Have you ever been to a laboratory or conducted an experiment? Take a look at this dilemma.
“We have been given a dilemma by my friend Professor Smith,” Mr. Travis said upon the class’ return to the classroom.
“What is it?” Janet asked.
“Here we go, see what you can do with this,” Mr. Travis wrote the following problem on the board.
In a laboratory, one strain of bacteria can double in number every 15 minutes. Suppose a culture starts with 60 cells, use your graphing calculator or a table of values to show the sample’s growth after 2 hours. Use the function
To work on this problem, you have to understand exponential functions. Pay close attention during this Concept and you will know how to solve it by the end of it.
Guidance
Let's think about exponential functions by looking at the following situation.
Two girls in a small town once shared a secret, just between the two of them. They couldn’t stand it though, and each of them told three friends. Of course, their friends couldn’t keep secrets, either, and each of them told three of their friends. Those friends told three friends, and those friends told three friends, and son on... and pretty soon the whole town knew the secret. There was nobody else to tell!
These girls experienced the startling effects of an exponential function.
If you start with the two girls who each told three friends, you can see that they told six people or
Those six people each told three others, so that
Those 18 people each told 3, so that now is
You can see how this is growing and you could show the number of people told in each round of gossip with a function:
This is called an exponential function—any function that can be written in the form
As we did with linear and quadratic functions, we could make a table of values and calculate the number of people told after each round of gossip. Use the function
How can you tell if a function is an exponential function?
If your function can be written in the form
Exponential Functions

y=2x 
c=4⋅10d 
y=2⋅(23)x 
t=4⋅10u
Not Exponential Functions
Exponential functions can be graphed by using a table of values like we did for quadratic functions. Substitute values for
Take a look at this one.
Graph
Here is the table.







2 


1 


0 

0 
1 

2 
2 

4 
3 

8 
4 
\begin{align*}y=2^4\end{align*} 
16 
5 
\begin{align*}y=2^5\end{align*} 
32 
6 
\begin{align*}y=2^6\end{align*} 
64 
Notice that the shapes of the graphs are not parabolic like the graphs of quadratic functions. Also, as the \begin{align*}x\end{align*}
Identify each function.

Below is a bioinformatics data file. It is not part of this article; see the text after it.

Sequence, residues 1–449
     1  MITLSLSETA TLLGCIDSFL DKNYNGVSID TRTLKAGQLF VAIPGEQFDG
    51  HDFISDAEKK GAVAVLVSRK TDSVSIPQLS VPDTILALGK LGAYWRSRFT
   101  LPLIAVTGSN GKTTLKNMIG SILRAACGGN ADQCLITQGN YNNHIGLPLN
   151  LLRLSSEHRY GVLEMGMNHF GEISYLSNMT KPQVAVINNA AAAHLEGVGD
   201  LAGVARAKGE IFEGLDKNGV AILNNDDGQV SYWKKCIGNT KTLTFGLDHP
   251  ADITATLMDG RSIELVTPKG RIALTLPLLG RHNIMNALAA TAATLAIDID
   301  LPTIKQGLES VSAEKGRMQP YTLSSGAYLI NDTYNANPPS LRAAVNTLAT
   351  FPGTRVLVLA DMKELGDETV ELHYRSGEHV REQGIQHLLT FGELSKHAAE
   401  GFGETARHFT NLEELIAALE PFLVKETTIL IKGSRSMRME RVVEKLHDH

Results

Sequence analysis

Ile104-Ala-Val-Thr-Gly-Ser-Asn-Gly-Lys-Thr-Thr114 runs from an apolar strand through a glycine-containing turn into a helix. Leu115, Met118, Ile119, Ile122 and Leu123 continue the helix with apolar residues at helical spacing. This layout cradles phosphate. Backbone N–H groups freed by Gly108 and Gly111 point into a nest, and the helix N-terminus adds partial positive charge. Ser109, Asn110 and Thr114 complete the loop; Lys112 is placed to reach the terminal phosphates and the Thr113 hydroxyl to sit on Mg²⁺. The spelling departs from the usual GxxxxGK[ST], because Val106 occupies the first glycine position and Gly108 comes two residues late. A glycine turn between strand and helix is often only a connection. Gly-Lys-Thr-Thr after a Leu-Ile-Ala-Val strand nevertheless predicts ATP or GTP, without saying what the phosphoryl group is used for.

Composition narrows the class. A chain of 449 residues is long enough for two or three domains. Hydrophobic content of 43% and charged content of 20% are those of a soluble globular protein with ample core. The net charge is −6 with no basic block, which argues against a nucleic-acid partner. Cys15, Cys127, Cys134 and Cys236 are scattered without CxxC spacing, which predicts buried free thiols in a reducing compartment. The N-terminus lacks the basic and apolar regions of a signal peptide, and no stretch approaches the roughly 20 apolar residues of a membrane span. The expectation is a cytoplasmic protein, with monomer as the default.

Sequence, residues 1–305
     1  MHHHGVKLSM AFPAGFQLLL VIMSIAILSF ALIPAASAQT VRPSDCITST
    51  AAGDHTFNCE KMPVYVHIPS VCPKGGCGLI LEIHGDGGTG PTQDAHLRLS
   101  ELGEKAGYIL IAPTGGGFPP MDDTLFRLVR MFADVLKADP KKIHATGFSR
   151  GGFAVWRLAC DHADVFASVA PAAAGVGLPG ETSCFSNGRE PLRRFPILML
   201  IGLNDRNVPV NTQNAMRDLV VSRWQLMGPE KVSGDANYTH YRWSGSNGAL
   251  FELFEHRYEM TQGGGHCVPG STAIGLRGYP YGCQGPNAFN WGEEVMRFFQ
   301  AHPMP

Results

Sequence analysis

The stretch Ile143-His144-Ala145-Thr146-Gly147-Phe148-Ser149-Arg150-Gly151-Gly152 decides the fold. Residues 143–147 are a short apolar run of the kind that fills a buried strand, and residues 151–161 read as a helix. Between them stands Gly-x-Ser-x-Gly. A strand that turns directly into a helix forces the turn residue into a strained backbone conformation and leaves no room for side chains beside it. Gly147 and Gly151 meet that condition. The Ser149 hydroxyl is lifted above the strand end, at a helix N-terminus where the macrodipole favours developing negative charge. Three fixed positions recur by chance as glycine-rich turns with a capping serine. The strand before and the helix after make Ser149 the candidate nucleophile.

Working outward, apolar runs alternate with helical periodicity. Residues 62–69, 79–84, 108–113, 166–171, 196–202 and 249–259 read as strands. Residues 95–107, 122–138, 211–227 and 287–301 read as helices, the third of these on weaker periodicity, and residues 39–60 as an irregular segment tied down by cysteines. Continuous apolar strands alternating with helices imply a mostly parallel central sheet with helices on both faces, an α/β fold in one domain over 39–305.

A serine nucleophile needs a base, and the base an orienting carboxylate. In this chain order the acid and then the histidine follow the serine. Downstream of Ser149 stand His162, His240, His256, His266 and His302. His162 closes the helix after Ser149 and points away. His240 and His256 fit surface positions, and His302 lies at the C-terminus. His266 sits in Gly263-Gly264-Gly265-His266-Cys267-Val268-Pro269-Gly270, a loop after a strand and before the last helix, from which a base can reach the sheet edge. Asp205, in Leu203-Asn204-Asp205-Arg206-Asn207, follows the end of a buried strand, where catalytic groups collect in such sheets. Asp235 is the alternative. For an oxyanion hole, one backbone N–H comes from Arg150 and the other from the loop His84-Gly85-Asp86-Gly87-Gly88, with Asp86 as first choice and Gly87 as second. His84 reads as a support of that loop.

Example A
\begin{align*}y=4^x\end{align*}
Solution: Exponential function
Example B
\begin{align*}f(x)=2x1\end{align*}
Solution: Linear function
Example C
\begin{align*}y=ax^2bx+c\end{align*}
Solution: Quadratic function
Now let's go back to the dilemma from the beginning of the Concept.
First, we can create a ttable to go with the equation of the function. Here are the values in that table.
\begin{align*}q\end{align*} 
\begin{align*}b\end{align*} 

0  60 
1  120 
2  240 
3  480 
4  960 
5  1920 
6  3840 
7  7680 
8  15360 
Now here is our graph.
Vocabulary
 Exponential Functions
 results that expand exponentially. The graph curves upward or downward.
Guided Practice
Here is one for you to try on your own.
Graph \begin{align*}y=2 \cdot \left( \frac{2}{3}\right)^x\end{align*}
\begin{align*}x\end{align*} 
\begin{align*}y\end{align*} 

\begin{align*}3\end{align*} 
\begin{align*} \frac{27}{4}\end{align*} 
2 
\begin{align*} \frac{9}{2}\end{align*} 
1  3 
0  2 
1 
\begin{align*} \frac{4}{3}\end{align*} 
2 
\begin{align*} \frac{8}{9}\end{align*} 
3 
\begin{align*} \frac{16}{27}\end{align*} 
4 
\begin{align*} \frac{32}{81}\end{align*} 
5 
\begin{align*} \frac{64}{243}\end{align*} 
6 
\begin{align*} \frac{128}{729}\end{align*} 
Video Review
Graphing Exponential Functions
Practice
Directions: Classify the following functions as exponential or not exponential. If it is not exponential, state the reason why.

\begin{align*}y=7^x\end{align*}
y=7x 
\begin{align*}c=2 \cdot 10^d\end{align*}
c=−2⋅10d 
\begin{align*}y=1^x\end{align*}
y=1x 
\begin{align*}y=4^x\end{align*}
y=4x 
\begin{align*}n=0 \cdot \left(\frac{1}{2}\right)^x\end{align*}
n=0⋅(12)x 
\begin{align*}y=5 \cdot \left(\frac{4}{3}\right)^x\end{align*}
y=5⋅(43)x 
\begin{align*}y=(7)^x\end{align*}
y=(−7)x  Use a table of values to graph the function \begin{align*}y=3^x\end{align*}
y=3x .  Use a table of values to graph the function \begin{align*}y=\left(\frac{1}{3}\right)^x\end{align*}.
 What type of graph did you make in number 7?
 What type of graph did you make in number 8?
 Use a table of values to graph the function \begin{align*}y=2^x\end{align*}.
 Use a table of values to graph the function \begin{align*}y=5^x\end{align*}.
 Use a table of values to graph the function \begin{align*}y=5^x\end{align*}.
 Use a table of values to graph the function \begin{align*}y=6^x\end{align*}.